By: Anita Hughes
Publisher: St. Martin’s Griffin
Publication Date: October 2016
Reviewed by: Diana Hettinger
Review Date: October 7, 2016
Isabel Lawson and her fiance Neil can’t agree on anything for their wedding. They are to be married in a week and are getting nowhere. When Neil makes the choice to take over his family farm, Isabel freezes. Being a successful financial professional, she can’t imagine throwing the career away that she worked so hard for. So, with this in mind, a week before the wedding, she calls it off. With the honeymoon being booked and paid for, he suggests that she go on a vacation herself, after all, she had always wanted to go to Paris at Christmas. With a successful career behind her and a past of failed relationships, she takes it upon herself to see and do as much as she can until she throws herself back into her career. With a renewed sense of independence and some light heartache, she sets off for Paris. Upon arrival at the luxurious Crillon, she finds that she got much more than she bargained for.
In the rush of excitement to see the Champs-Élysées, she locks herself out on the balcony. With nothing else to do, she throws her shoe to a nearby balcony where handsome Alec, a children’s book author and illustrator, finds her and rescues her. Alec’s fiance, ironically, left him for another man before their wedding. As a poor writer, he was not successful enough or good enough for his fiance and she leaves for Australia with a more handsome Cricket player. Both of these newly single people, being alone in Paris at Christmas, and wanting to make the most of it, set off to explore the city and leave as much of the past behind as they can. As their adventures begin, they wind up at the Christmas markets. It is at the Christmas markets that they meet a fortune teller who reads Isabel’s fortune. As someone who relies solely on numbers and reason, it does not make sense how the fortune teller’s predictions keep coming true. As time goes on, she believes more and more, but is everything always what it seems?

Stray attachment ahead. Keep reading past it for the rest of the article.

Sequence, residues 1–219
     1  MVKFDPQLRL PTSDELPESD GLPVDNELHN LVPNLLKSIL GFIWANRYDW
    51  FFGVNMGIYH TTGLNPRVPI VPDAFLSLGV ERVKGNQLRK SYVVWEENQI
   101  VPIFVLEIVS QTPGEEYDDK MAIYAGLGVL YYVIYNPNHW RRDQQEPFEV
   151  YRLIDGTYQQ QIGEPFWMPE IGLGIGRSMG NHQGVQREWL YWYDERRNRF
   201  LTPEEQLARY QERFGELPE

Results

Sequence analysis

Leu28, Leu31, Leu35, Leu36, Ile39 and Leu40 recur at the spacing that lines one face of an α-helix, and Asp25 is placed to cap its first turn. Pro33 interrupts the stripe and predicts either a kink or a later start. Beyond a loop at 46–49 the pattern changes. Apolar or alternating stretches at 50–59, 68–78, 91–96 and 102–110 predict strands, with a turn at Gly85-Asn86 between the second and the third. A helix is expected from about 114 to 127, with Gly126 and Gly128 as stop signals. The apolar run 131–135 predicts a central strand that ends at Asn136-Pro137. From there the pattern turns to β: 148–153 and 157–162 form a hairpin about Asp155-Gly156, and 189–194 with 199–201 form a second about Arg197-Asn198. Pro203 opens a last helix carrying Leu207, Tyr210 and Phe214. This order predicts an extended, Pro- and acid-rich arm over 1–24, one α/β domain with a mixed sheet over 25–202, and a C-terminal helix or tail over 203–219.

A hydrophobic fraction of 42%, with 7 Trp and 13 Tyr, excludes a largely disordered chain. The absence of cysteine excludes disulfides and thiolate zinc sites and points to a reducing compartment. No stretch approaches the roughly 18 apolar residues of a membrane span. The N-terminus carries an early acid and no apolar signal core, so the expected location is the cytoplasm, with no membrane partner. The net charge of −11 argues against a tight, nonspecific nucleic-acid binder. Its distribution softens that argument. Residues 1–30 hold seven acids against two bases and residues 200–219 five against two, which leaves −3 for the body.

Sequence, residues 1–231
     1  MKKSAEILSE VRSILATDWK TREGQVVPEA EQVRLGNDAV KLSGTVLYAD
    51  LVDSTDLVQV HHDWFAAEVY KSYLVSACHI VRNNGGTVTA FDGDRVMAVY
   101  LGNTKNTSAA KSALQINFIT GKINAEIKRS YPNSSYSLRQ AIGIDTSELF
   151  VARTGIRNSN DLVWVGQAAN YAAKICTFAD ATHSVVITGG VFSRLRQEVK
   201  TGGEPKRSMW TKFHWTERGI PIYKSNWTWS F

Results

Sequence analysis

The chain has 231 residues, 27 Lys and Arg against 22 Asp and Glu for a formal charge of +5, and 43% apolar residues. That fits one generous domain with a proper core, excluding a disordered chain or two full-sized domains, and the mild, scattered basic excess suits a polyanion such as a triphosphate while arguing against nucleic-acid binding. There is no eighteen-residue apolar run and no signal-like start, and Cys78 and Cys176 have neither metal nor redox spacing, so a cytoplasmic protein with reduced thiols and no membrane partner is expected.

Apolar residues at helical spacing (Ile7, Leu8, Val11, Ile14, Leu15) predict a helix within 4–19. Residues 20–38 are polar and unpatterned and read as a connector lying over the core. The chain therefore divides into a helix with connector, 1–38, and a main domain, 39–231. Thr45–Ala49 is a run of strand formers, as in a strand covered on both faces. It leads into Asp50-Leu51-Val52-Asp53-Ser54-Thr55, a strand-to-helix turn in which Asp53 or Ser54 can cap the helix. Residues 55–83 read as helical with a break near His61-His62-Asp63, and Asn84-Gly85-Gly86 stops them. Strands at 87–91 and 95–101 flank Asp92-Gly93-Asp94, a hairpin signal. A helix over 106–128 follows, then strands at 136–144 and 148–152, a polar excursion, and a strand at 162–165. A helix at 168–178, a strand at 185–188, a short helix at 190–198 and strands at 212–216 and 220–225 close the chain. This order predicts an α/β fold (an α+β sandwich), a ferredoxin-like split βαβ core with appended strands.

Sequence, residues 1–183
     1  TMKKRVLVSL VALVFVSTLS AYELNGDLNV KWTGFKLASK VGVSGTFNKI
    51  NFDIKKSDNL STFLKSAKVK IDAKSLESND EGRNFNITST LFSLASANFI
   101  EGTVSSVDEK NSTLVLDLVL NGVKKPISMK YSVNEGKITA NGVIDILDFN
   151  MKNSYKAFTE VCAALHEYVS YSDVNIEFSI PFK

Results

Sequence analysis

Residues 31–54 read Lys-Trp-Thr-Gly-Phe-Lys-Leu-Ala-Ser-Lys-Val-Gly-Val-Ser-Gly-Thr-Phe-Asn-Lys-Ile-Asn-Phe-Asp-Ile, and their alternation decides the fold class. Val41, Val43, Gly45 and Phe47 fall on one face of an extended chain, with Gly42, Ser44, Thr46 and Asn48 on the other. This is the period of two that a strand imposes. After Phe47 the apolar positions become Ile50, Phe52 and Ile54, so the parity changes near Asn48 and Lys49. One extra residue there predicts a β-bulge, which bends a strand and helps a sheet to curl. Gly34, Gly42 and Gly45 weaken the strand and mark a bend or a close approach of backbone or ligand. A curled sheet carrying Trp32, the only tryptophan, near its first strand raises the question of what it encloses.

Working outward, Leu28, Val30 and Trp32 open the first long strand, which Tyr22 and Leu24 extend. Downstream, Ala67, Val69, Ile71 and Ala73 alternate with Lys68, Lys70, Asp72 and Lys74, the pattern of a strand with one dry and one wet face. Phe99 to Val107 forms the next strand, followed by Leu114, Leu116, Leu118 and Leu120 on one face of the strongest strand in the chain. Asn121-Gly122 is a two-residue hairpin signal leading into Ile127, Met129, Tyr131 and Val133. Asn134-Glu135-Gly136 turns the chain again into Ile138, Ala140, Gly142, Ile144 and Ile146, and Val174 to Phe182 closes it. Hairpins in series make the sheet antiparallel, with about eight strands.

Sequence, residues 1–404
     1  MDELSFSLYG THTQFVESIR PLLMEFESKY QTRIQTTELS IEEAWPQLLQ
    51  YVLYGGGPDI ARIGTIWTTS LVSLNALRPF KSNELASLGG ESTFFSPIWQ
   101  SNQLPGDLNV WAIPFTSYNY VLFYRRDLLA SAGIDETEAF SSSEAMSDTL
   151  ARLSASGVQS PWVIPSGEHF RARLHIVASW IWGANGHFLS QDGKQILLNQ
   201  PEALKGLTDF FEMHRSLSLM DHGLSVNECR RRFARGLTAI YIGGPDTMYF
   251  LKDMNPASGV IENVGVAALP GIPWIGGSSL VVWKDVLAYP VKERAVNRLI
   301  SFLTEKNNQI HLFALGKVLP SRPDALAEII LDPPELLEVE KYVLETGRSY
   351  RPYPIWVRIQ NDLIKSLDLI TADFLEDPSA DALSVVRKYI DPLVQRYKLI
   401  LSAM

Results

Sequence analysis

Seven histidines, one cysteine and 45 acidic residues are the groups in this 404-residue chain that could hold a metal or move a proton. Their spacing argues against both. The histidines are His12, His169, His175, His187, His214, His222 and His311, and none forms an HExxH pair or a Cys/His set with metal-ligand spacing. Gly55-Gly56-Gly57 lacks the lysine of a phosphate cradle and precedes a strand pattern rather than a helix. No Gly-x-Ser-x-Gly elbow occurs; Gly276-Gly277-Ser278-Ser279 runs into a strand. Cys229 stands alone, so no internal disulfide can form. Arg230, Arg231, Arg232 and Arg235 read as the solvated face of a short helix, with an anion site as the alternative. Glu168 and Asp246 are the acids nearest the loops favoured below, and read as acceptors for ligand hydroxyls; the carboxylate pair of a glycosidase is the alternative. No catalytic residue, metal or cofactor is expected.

I absolutely devoured this book in three days, however, I could have easily consumed it in one afternoon had I had the time. Not only is every detail descriptive enough to picture the surroundings and feel as if you are there, but it is just magical enough to make you feel like it’s Christmas no matter what time of year you read it. With twists, turns and magical predictions, you will find yourself believing in magic, no matter how much you also rely on reason. I finished Christmas in Paris wanting more and feeling as if the story was unfinished and I am dying for a part two.
Quill says: Christmas in Paris is a warm and romantic read that will leave you with hope in your heart and a spirit of wanderlust.